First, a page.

Manifesto 0.1 – WIP & RFC

Back to back sessions in Brussels and London, I must’ve said already I hate when people make me work !

Anyway, I find encouraging that the kind of companies we’re talking to are now enormous global airlines or banks. Jeroen and Saskia said I need to put more in writing, e.g. around training of our own people, which is a fair point.

I am also starting to work on Pleon’s Social Media manifesto, which I’m then going to post in the pages above. I have read quite a few of those document I found around and hopefully ours will have the benefit of the experience we have achieved working on client projects as opposed to too much theoretical “pie-in-the-sky” as in some of the documents I saw.

Please feel free to chip in: we’re a small enough group to make it manageable even without comment threading.

Pleon’s Social Media Manifesto

We believe our consultants are smarter than the average PR flack and will use this manifesto intelligently, recognizing its dynamic and evolutionary nature and, most importantly, committing to contributing to keep it up to date.

Pleon’s consultants engaging in Social Media activities on behalf of clients are required to individually pledge allegiance to this manifesto by forwarding this document via email to their Country CEO with the subject line: “Please find attached my personal pledge of allegiance to the Pleon Social Media Manifesto”.

  1. We believe that Social Media can and should be used to promote a client brand, and we believe that this can and should be done in an open and respectful manner. Furthermore, we believe social interations are based on all participants adding value to the interaction and strive to design our programs to comply with this general mandate.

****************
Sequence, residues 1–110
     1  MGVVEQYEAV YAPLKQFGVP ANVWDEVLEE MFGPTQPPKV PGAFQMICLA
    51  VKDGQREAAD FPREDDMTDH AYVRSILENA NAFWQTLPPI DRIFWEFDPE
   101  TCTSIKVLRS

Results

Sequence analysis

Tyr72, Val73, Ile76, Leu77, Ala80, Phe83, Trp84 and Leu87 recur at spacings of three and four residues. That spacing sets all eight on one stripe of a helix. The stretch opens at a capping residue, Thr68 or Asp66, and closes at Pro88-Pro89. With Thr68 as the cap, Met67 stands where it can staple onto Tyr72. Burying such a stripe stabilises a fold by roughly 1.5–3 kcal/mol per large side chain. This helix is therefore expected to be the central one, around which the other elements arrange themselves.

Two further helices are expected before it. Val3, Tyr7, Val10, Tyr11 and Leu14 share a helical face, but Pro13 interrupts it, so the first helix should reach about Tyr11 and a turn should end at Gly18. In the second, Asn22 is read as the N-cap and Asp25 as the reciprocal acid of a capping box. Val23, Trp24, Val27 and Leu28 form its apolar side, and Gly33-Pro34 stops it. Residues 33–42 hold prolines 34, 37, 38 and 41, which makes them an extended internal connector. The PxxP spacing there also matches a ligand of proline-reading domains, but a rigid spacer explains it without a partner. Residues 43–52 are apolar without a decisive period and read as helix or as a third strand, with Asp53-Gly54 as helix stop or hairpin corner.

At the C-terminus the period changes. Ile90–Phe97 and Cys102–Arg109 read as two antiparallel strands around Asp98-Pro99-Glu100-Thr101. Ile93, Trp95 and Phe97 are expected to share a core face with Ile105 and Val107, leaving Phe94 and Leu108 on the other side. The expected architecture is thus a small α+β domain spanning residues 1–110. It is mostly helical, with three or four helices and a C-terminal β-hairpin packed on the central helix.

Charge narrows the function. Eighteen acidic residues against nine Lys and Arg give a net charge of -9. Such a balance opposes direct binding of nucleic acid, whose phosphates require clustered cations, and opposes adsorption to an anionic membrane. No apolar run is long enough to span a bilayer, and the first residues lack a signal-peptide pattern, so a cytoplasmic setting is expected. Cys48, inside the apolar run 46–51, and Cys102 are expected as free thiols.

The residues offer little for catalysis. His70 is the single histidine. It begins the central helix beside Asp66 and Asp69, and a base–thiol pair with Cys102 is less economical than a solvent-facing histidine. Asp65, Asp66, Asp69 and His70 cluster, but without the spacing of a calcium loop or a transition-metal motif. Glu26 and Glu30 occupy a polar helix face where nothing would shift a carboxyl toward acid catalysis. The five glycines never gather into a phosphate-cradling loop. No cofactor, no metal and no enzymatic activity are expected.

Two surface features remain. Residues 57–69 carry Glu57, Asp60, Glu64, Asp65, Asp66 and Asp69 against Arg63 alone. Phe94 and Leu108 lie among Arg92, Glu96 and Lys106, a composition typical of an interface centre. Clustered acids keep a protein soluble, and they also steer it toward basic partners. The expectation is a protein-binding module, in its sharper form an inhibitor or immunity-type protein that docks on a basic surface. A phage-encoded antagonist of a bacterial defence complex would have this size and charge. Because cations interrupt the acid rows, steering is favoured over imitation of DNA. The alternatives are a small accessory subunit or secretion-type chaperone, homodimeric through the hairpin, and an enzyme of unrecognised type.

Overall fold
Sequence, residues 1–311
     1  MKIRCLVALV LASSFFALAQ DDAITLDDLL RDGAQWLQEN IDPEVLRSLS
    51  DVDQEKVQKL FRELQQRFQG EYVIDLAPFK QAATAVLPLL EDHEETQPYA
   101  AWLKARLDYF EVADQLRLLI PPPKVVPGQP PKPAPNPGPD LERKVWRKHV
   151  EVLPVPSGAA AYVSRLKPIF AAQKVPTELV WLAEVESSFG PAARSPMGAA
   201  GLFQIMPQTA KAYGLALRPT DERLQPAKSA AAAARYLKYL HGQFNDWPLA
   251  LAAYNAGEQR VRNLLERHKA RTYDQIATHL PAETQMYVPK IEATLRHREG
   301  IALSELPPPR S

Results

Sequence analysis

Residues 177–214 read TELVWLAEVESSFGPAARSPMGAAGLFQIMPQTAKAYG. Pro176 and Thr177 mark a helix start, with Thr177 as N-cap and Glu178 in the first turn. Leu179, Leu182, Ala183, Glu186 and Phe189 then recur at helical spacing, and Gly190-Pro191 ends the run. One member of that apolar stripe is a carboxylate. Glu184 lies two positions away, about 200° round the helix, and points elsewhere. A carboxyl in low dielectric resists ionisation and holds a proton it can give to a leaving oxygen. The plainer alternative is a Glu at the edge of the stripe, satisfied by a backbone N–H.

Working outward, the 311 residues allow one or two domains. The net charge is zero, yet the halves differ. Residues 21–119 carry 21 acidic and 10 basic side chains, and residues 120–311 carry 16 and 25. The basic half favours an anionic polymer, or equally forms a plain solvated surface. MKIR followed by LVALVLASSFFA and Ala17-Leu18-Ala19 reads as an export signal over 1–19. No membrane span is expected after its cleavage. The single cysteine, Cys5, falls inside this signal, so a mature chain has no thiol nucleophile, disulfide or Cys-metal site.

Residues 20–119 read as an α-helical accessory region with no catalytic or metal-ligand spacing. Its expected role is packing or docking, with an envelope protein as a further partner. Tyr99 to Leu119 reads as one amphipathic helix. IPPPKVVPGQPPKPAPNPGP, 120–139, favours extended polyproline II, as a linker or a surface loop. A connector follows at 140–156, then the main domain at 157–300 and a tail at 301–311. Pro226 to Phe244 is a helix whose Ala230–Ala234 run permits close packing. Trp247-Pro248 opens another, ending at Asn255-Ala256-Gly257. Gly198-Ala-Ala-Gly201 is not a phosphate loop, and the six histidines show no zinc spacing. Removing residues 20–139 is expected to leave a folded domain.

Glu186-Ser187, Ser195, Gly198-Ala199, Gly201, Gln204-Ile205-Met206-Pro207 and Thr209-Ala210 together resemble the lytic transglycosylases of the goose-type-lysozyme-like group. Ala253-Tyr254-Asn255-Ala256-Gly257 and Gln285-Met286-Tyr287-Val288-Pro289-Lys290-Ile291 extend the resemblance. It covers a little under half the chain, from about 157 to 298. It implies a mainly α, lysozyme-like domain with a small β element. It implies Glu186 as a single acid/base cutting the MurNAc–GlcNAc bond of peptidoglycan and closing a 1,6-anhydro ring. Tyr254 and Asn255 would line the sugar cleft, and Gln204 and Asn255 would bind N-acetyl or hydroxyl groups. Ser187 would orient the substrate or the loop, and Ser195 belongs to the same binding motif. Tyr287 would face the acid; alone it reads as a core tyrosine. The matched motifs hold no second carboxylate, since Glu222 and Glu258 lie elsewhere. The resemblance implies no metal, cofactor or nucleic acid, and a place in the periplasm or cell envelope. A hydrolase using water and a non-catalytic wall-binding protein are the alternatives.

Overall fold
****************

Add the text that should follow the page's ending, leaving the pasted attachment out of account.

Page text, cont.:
2. We understand that Social Media are more than the blogosphere. At all times we will maintain an impartial, unbiased consideration for all current or future platforms of Social Media (including, but not limited to Social Networks, professional networks, microblogging,  forum discussions, newsgroups, mailing lists, etc.); we believe in constantly exploring and keeping abreast of new forms of IP-based social interactions.
  3. We encourage our consultants to use Social Media as a good way to understand their behaviour and dynamics; we know that they will be mature enough to distinguish between “educational” and “recreational” uses of Social Media and pursue the latter in their own time.
  4. We understand that sometimes the line between the expression of opinions and development of social interactions on a personal and professional basis may become blurred and we commit not to mislead others, by disclosing clearly our role and profession and, where appropriate, the fact we are working for a company we are talking about (or one of its competitors).
    1. (sub) As a practical consequence, personal blogs or pages of our consultants will bear a statement clarifying that “opinions expressed here are my own and do not necessarily reflect those of my employer”.